Cheryl Anne Grace’s Joyful Southern Gothic Art

Cheryl Anne Grace is a self-taught artist who moved to New Orleans in 2009.  She’s a delightful person who exudes joy from the first moment you encounter her. Her bright and cheerful personality is also evident in her style of painting, which can best be described as Folk Art mixed with Southern Gothic portraits and scenes of everyday life in the South.

“I feel like I’ve led a hard-knock life, not unlike little orphan Annie. So now I’ve learned to just focus on the joy that I get out of life.

Cheryl is originally from South Carolina, but also spent part of her life in Augusta, Georgia, before relocating to New Orleans.

“I always felt like I stuck out like a sore thumb, but once I moved to New Orleans everything fell into place. I blend right in here! I find so much inspiration in this city, I’ll never run out of ideas.”

St Aaron Neville

Cheryl has been painting full-time for the last five years. Prior to painting she had several other careers. She started to teach herself to paint in her twenties when she would stay up late at night after her children went to sleep. She still has her first artwork displayed in her home. It is a beautiful realistic pastel of two old wooden rowboats in the middle of a South Carolina low country landscape.

“I used to do some commission portrait work and I used to do some craft type painting in my early years. I was a single mother, so I had to raise my kids, keep food on the table, and pay my mortgage. Most of my adult life I had to struggle to find time to paint. Fortunately, I’ve now reached a place where I can devote myself to painting full time.”

Cheryl describes herself as 98% self-taught. She spends a lot of time researching her subject matter, but not techniques. Her only art instruction was a month long class on perspective that was taught by Ed Rice in South Carolina.

“I had a rather strange childhood with a mostly absent single mother. We lived with my grandmother. There was no father in the picture. My mother had to work an awful lot. My grandmother stayed at home, but she had a business making draperies. My grandfather was dead. So those two women were just hustling trying to make ends meet.

As a result, everybody ignored me. My days were spent playing in the scrap boxes under the sewing table. My imagination was my playmate. I learned from an early age to use my imagination, which still effects my subject matter when I paint. ”

“When I travel with my husband, Mark, we stop along the road and take pictures of landscapes that inspire me. ”

Cheryl’s current series, “Gospel According to New Orleans” is focused on painting famous New Orleans musicians and culture-bearers as religious icons. The frames for her icon paintings are gilt in 24 karat gold leaf. The frames themselves are built by a carpenter and come to Cheryl completely bare. From there she paints them, guilds them, and embellishes them with rhinestones.

“My purpose for portraying New Orleans musicians is because music brings people together just like religion does. I often feel that I am telling a story with my paintings. In each portrait, I try to tell the story of the life of the person I’m painting. I have so many tales to tell.”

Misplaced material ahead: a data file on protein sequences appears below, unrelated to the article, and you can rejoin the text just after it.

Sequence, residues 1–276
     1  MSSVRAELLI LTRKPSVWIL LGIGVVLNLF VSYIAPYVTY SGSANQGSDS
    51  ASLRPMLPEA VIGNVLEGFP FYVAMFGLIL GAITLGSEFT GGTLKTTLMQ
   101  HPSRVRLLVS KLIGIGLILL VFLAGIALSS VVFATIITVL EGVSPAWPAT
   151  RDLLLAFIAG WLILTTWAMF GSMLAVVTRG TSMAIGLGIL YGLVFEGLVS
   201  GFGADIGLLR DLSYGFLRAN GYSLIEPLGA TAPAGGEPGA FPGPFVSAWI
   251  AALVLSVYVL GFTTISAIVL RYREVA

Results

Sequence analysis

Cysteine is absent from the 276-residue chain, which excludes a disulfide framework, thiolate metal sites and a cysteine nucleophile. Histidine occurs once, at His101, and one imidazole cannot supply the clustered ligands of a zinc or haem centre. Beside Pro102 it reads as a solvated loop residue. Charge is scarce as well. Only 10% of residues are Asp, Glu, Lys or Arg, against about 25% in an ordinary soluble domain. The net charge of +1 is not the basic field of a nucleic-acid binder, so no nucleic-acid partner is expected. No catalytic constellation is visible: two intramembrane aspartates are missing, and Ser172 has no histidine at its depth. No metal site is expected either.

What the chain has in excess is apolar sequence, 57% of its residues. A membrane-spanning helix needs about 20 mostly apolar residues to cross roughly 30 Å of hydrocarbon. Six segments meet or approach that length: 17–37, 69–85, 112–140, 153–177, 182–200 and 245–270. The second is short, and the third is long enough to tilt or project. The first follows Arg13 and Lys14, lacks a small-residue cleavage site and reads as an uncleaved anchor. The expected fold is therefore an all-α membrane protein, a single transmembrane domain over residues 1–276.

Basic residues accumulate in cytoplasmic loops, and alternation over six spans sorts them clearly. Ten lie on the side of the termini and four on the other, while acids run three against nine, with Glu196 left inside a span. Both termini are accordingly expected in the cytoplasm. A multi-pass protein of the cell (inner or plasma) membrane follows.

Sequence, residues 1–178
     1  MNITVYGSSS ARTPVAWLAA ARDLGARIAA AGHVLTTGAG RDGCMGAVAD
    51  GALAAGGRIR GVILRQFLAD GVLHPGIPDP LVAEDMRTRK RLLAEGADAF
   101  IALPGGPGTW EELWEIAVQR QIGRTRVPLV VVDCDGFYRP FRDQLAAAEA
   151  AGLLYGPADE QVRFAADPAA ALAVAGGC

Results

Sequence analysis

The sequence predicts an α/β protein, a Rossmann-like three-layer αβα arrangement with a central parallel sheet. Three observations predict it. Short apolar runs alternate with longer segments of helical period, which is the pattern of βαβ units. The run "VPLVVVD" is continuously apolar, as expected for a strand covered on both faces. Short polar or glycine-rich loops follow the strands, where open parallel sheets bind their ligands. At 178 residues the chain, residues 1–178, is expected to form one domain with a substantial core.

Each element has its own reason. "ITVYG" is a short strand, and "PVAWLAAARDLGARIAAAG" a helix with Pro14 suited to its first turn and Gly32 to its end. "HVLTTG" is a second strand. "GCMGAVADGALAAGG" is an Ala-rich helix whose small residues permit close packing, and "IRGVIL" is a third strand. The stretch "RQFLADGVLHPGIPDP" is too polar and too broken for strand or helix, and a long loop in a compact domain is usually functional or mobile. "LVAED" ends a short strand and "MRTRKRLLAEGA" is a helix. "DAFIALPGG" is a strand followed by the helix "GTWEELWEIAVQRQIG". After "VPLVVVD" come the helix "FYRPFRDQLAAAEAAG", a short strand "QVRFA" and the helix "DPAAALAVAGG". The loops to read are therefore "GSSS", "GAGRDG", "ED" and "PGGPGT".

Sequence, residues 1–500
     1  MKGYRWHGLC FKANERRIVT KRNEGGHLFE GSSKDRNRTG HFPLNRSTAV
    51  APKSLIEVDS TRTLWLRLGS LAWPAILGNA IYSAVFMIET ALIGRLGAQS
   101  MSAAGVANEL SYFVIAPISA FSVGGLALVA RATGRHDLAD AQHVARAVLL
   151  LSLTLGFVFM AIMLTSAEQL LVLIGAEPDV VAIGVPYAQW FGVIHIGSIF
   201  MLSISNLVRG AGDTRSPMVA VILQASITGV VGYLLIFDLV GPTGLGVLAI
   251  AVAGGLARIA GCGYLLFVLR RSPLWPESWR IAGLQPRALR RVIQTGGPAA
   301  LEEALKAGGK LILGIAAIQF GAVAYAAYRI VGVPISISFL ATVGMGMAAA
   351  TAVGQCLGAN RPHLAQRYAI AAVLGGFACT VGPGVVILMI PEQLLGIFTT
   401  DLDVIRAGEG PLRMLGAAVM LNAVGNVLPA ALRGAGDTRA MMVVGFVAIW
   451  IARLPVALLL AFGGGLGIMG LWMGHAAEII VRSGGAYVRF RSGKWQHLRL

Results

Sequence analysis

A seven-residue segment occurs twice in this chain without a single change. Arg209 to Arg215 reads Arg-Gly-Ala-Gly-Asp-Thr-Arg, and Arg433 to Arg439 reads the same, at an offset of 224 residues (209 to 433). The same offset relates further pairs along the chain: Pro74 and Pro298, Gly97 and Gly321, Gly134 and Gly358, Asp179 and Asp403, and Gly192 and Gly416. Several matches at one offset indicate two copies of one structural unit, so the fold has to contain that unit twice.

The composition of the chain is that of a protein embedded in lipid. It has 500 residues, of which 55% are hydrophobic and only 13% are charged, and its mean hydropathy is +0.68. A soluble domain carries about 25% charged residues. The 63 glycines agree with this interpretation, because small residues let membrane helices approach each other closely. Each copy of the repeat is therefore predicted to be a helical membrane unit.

Cheryl has shown her work at several local galleries, but has had more success selling her paintings on her own, such as at Jazzfest 2019. She sold quite a few small portraits and paintings of New Orleans musicians and many collectors who saw her work at Jazzfest contacted her afterwards seeking to purchase paintings.

Cheryl has no shortage of ideas for her future series of paintings. Most center around Southern life. For instance, she wants to focus on  a series of paintings of Southerners posing outside of their Airstreams (camping trailers), as well as a series of portraits of strong women.

“I have a bunch of Airstreams that I want to paint. That is probably the next series that I will focus on. I want to paint seventies dance parties and the circus. I also want to do a series of portraits on female strength and beauty.”

Cheryl has a great imagination and originality is not a problem. She’s always exploring new ideas and not limiting herself to working with one medium. Most notably, she’s lately been experimenting with collage and old China patterns for her upcoming series on strong women..

“I was inspired by my grandmother’s Blue Willow China, so I painted the canvas with the China pattern. For Frida, I  used collage. I cut the face off the front of a New York Times magazine years ago just because I thought she was pretty.

The butterfly wings around her neck are collage. Then I glued rhinestones and painted antlers on her head. Then I painted crows on her antlers.  I bought some round canvases. Then I covered it in resin to make it look more like a plate. Because china is beautiful and strong. And the women I am going to paint are beautiful and strong.”

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Cheryl’s bubbly personality has helped her develop friendships within the New Orleans art scene. She’s currently mentored by renowned artist Jennifer Odem. She also finds inspiration in the work of Douglas Bourgeois, Michael Meads, and Herb Roe. 

“I’m always eager to meet other artists. I want to learn about them and find out what inspires them to create.”

Saint Allen

You can see more of Cheryl Anne Grace’s work at

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